Billie, etc. I also listened to people such as Oscar Peterson, Tatum, and

Erroll Garner although they never had the same kind of influence on me.

In addition to the vocalists I was drawn, even early on, to musical

“organizers”; composers, conceptualists, leaders of men … and Duke has

to be one of the greatest of all time. Well, to me Duke is a modernist! His

music (I’m also including Billy Strayhorn here—fair or not) still blows me

away consistently. Of course it is a product of its time but it is not dated.

And then from Duke one keeps moving quite naturally to Monk, Mingus,

Gil Evans, Steve Lacy, and there you have many lifetimes’ worth of things to

study. In many ways I feel that I am quite a Jazz traditionalist. During a time

when it seems increasingly common for people to downplay their Jazz roots,

I feel first and foremost like a Jazz musician …. I’ll leave it to others to

decide whether that is reflected in the way my music sounds.


CADENCE: When did you first start playing the piano?

FRANK CARLBERG: I started when I was around four or five. My first teacher was Alice Pacius. She was the great granddaughter of Fredrik Pacius, the composer of the

Finnish national anthem (useless trivia info, I know) … and no, I’m not

influenced by our national anthem! As a child, she seemed scary to me but

I think she was a decent teacher. I had a couple of other Classical teachers

after Ms. Pacius. In terms of Jazz I took occasional lessons from a Russian

pianist, Vova Shafranov, who lived in Helsinki at the time. I also took a few

lessons from Jarmo Savolainen, who had spent some time at Berklee in

Boston. However, as far as Jazz is concerned I was pretty much self-taught

early on. I mostly just listened to records and tried to piece some stuff

together from the bits of information that I had received.


CADENCE: What was it about Berklee College of Music that made you want to study


FRANK CARLBERG: I think my main motivation really was to come to the U.S., any way I could. I wanted to learn about Jazz in its own environment, so to speak. I certainly

also had a case of wanderlust … I had already spent some time bouncing

around Europe fairly aimlessly.

In order to come to the U.S. and stay for any extended period of time

one needed a visa in those days. So I applied to Berklee, which was the only

Jazz school in the U.S. that I had heard of, got my student visa, packed a

suitcase and came over. I was going to stay for one year. Oh well ….


CADENCE: The Class of 1984, of which you were a part, included some heavy hitters

(Jim Black, Chris Cheek, Antonio Hart, Sam Newsome, Chris Speed, and Ben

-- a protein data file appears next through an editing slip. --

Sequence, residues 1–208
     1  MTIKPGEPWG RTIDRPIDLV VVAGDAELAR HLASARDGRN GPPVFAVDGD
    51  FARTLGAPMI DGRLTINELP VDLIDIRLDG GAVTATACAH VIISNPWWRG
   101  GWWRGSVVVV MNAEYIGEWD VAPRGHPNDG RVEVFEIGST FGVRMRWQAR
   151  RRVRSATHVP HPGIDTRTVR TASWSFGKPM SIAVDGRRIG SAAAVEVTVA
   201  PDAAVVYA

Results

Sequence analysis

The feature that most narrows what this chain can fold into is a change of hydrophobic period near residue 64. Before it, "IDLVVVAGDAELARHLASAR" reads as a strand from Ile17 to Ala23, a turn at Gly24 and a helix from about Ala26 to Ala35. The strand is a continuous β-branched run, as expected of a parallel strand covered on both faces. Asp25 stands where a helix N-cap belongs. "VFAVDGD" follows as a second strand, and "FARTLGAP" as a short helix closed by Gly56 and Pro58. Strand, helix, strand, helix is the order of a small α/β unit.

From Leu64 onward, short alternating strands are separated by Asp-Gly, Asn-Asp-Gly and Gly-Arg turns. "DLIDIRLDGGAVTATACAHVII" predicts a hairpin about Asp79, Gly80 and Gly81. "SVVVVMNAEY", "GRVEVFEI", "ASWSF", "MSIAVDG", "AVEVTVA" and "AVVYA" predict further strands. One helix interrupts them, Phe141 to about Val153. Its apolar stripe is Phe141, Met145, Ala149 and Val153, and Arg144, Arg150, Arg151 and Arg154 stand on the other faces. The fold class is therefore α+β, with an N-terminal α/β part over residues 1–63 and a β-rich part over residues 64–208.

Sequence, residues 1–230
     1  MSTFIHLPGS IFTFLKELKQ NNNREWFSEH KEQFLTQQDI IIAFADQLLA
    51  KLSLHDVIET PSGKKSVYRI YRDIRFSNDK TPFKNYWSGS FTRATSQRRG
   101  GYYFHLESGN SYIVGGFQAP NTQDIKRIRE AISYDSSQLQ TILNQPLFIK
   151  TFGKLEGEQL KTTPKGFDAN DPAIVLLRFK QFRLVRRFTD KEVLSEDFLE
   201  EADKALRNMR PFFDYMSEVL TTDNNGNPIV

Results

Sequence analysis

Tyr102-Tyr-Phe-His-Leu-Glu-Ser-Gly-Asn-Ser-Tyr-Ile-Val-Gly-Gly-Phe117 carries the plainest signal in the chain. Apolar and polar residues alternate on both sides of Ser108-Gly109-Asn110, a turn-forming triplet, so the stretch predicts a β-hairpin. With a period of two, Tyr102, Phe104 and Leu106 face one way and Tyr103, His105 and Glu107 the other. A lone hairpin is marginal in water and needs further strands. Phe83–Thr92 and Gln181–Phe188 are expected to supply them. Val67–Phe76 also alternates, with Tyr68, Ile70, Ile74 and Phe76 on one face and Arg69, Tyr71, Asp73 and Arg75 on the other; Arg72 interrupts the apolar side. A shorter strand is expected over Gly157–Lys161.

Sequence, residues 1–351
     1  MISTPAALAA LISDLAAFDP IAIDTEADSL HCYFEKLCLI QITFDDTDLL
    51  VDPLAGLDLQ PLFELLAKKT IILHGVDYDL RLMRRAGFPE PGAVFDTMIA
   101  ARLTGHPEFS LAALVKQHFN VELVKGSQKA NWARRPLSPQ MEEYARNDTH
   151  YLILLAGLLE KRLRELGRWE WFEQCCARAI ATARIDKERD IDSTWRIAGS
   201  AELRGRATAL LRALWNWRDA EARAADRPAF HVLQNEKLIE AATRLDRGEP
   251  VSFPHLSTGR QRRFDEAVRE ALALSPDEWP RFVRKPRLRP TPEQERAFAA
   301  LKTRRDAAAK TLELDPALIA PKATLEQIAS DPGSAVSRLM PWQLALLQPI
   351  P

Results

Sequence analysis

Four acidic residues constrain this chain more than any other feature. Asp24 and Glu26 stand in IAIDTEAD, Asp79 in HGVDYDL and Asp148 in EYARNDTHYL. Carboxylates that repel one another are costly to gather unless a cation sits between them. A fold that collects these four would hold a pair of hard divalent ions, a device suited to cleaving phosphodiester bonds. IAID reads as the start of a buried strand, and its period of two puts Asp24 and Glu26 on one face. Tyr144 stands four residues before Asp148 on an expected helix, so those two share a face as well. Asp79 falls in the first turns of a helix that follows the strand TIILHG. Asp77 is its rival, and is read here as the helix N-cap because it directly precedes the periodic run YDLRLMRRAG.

Street). Was there a sense that this was a new generation of important

players coming on the scene?

FRANK CARLBERG: It’s true that there were many great young players around Boston during that time. In addition to the people you mentioned, Danilo Perez, Roy Hargrove,

Edsel Gomez, Christian Jacob, Andrew D’Angelo, Matt Wilson, Julian Joseph,

Aydin Esen, Kurt Rosenwinkel, Joshua Redman, and John Carlson come to

mind. I am forgetting many names, I’m sure. It certainly was a great period

but Boston was my first destination when I came to the U.S., so I really did

not have anything to compare it with, except Helsinki. I was quite blown

away and inspired by the music that all these young guys were making

already then. They have all, of course, continued to grow and have all cre-

ated a lot of great music.


CADENCE: You continued your studies at the New England Conservatory of Music to

pursue a master’s degree. Why is receiving higher education now appar-

ently so necessary in Jazz? And why was it necessary for your own needs?

FRANK CARLBERG: Well, I actually applied to New England Conservatory because I needed a visa. My visa had expired but I wanted to stay in the U.S. I was frequently

going over to Europe to play but in order to re-enter the country I needed

to have a valid visa. Going to school would get me a visa. So my initial rea-

son for pursuing my master’s was not really all that noble. However, once

I got to NEC I came in close contact with people like Jimmy Giuffre, Ran

Blake, Geri Allen, and Paul Bley and they all made quite an impression on

me. Especially Jimmy was just an enormous influence. He lived in western

Mass but would stay over in Boston on Monday nights. We ended up having

dinner together quite often on Mondays and, after, he felt like playing. We

would play duets. I had listened quite a bit, both live and recordings, to the

trio he had with Bley and Swallow (sometimes with Peacock subbing) and

felt that I kind of understood what was going on and thought I’d be com-

fortable in that environment. However, the first time we played duo, Jimmy

started out playing this amazingly beautiful and crystal clear melody which

was completely Free yet so exquisitely sculpted, and I had no idea what to

do! I suddenly really realized how heavy the trio with Bley and Swallow was.

They made it sound so easy … and natural, and it seemed like Paul always

knew exactly what to do—bastard! But Jimmy was extremely generous. We

kept on playing and he never showed any signs of frustration although I kept

on scuffling and stepping all over his stuff. Jimmy was just a beautiful human

being. Always honest and very giving … musically and otherwise. Man, just

talking about this I realize how much I miss him.

What really impressed me with Jimmy, Ran, Geri, and Paul was their

musical integrity and commitment. It wasn’t about a pedagogical system

(whether they had one, I’m not sure) but rather about personal expression

and beautiful, powerful music. I understood later that my experience at